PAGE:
transfers of splendidly recorded HMVs from 1929-32. Mark Obert-Thorn
has sensibly used the Victor pressings in preference to the "frying
tonight" British originals – the Z pressings to be exact
– and they sound first class. As for the performances they vary
from entirely convincing – the Concerto – to rather more problematical.
Some have deigned to find fault with Boult’s conducting in the
D minor, preferring, say, the red-hot thrust of Reiner for Serkin.
I find him a notably resourceful accompanist, sympathetic yet
pressing when necessary. Backhaus was certainly not persona non
grata amongst conductors in 1932 but two years later, we learn
from another source, Bruno Walter was refusing to work with him,
labelling him a Hitler favourite and Nazi. Whatever he may or
may not have been – wasn’t Elly Ney a more deserving target of
contempt? – Backhaus was a leonine and magnificent champion of
the Concerto. I imagine there could be objections to some of his
sforzati, to what some may perceive as inflexibility and seeming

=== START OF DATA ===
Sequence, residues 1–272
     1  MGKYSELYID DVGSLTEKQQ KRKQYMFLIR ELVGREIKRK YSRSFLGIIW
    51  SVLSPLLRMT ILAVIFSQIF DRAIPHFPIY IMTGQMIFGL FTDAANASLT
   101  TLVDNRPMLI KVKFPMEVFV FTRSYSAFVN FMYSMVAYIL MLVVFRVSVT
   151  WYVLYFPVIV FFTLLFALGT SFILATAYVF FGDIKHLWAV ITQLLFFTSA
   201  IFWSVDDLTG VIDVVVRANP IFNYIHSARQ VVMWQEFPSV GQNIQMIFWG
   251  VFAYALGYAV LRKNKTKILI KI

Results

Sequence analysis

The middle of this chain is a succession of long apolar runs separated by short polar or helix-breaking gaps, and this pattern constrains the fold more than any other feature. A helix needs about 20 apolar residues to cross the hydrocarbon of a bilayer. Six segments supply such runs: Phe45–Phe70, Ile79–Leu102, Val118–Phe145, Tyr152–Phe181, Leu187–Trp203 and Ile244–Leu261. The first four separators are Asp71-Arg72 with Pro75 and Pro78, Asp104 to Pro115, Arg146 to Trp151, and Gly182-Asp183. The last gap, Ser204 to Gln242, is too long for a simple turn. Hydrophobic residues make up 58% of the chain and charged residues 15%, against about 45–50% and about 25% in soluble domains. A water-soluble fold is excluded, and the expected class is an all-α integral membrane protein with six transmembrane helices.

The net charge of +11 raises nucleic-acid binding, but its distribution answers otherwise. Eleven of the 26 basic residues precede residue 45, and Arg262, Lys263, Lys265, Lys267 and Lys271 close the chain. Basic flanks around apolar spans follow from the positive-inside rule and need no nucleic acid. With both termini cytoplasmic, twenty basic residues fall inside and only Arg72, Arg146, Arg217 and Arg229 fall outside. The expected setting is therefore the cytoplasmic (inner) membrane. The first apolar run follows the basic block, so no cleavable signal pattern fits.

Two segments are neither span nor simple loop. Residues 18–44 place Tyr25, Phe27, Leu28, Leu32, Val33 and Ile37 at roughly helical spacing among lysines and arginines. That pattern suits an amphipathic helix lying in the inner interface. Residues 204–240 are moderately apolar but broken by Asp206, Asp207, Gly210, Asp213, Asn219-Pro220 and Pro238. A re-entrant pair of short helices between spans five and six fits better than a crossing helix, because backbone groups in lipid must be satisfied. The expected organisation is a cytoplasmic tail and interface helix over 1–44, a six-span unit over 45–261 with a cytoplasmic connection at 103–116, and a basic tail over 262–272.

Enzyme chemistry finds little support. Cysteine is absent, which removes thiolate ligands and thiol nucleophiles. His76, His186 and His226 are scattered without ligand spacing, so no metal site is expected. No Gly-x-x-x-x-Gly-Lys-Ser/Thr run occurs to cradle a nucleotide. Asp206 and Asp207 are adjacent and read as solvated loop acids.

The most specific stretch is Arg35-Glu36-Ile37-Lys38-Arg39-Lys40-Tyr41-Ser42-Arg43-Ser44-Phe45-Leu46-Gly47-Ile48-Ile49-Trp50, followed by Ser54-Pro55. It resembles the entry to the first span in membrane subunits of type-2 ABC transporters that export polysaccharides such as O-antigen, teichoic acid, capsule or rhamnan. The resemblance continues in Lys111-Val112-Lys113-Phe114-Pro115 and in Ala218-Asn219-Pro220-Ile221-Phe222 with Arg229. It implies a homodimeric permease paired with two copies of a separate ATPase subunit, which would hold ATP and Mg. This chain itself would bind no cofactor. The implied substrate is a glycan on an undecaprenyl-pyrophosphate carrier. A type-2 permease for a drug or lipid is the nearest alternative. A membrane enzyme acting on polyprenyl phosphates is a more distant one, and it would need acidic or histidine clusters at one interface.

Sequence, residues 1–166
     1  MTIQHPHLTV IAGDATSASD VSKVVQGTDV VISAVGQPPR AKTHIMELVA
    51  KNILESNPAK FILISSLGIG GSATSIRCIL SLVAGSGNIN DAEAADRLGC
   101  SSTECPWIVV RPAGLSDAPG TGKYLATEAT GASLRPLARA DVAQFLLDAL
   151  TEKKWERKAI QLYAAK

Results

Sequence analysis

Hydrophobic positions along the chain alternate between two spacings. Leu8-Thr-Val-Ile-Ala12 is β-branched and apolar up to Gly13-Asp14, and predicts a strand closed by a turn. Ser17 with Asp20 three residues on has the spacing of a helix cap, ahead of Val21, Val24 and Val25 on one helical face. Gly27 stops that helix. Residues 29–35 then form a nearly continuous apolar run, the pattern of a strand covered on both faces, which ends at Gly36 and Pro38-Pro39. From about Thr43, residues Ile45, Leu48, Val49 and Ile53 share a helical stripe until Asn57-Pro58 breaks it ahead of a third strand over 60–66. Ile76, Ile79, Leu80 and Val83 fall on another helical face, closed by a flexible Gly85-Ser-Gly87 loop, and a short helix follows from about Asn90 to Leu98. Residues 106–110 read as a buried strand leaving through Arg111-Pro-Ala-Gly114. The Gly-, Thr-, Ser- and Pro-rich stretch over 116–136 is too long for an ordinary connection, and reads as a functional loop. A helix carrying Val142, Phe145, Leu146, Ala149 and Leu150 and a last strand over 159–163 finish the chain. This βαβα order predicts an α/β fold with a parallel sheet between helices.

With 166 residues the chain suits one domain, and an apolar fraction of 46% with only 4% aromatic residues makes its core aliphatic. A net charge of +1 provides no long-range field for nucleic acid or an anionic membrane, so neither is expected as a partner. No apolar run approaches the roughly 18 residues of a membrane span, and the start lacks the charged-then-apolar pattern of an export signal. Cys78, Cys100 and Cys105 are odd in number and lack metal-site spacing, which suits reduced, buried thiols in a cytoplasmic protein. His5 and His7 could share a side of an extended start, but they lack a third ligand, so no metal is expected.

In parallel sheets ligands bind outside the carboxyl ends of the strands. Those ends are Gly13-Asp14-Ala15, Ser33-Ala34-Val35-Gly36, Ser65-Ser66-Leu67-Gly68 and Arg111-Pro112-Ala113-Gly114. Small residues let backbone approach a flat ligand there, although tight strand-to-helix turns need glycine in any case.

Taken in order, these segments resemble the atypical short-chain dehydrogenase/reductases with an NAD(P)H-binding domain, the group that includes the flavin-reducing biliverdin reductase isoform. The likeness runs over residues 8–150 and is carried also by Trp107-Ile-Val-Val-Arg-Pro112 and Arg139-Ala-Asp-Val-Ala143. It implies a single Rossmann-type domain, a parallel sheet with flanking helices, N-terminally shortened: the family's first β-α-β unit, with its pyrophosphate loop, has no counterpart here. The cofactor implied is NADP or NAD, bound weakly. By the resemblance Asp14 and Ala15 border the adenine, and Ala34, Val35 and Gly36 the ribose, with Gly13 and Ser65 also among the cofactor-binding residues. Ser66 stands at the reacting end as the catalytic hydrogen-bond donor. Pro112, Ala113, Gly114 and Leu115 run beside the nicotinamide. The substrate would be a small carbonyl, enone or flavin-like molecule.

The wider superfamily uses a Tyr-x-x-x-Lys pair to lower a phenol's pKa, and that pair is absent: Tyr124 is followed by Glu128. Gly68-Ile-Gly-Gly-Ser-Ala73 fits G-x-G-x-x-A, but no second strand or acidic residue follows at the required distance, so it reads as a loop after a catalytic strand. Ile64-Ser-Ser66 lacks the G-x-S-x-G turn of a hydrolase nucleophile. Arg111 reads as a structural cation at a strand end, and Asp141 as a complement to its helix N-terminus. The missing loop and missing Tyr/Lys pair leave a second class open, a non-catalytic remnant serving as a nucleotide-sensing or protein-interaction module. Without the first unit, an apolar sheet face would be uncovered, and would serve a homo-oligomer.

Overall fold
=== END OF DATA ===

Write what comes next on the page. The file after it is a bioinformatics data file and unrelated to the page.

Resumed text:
indifference but I have to say I capitulated. I think this is
a gloriously enveloping interpretation, a fusion of magisterial
command and architectural surety enriched by his tonal resources.
His post War remake in Vienna with Böhm was a considerably
less energised and engaged affair, and certainly never began to
match the complex beauty of his playing of the Adagio, much less
the athleticism and directional curve of his playing in the finale.
comparison, three years earlier and once more in London, the Paganini
Variations sound rather stiff, just too unyielding ever fully
to present much of a challenge to established leaders in the discography.
The Rhapsodies were recorded at around the same time as the Concerto
in advance of the Brahms centenary year, which saw a number of
recordings and a large number of concert series of the complete
works (the Menges Quartet, for instance, virtually sat in residence
at Wigmore Hall playing through the chamber music). Of the two
Op. 79 Rhapsodies the first, in B minor, receives a nobly if intermittently
affirmative reading but the G minor is vitiated by an unexpected
degree of crudity. I’d rather remember the Concerto and I would
strongly urge those unfamiliar with the recording to form their
own conclusions. The transfer, as I said, is genuinely excellent.
Others are or were around; it’s currently on Brilliant Classics
where it’s harnessed to a slew of Backhaus’s other concerto performances;
it is on Biddulph, tough to get now, and on Référence
where it’s coupled with the Second Concerto conducted by Böhm.
I don’t think, however, you can go far wrong with this transfer
and disc. Just don’t play the G minor Rhapsody first.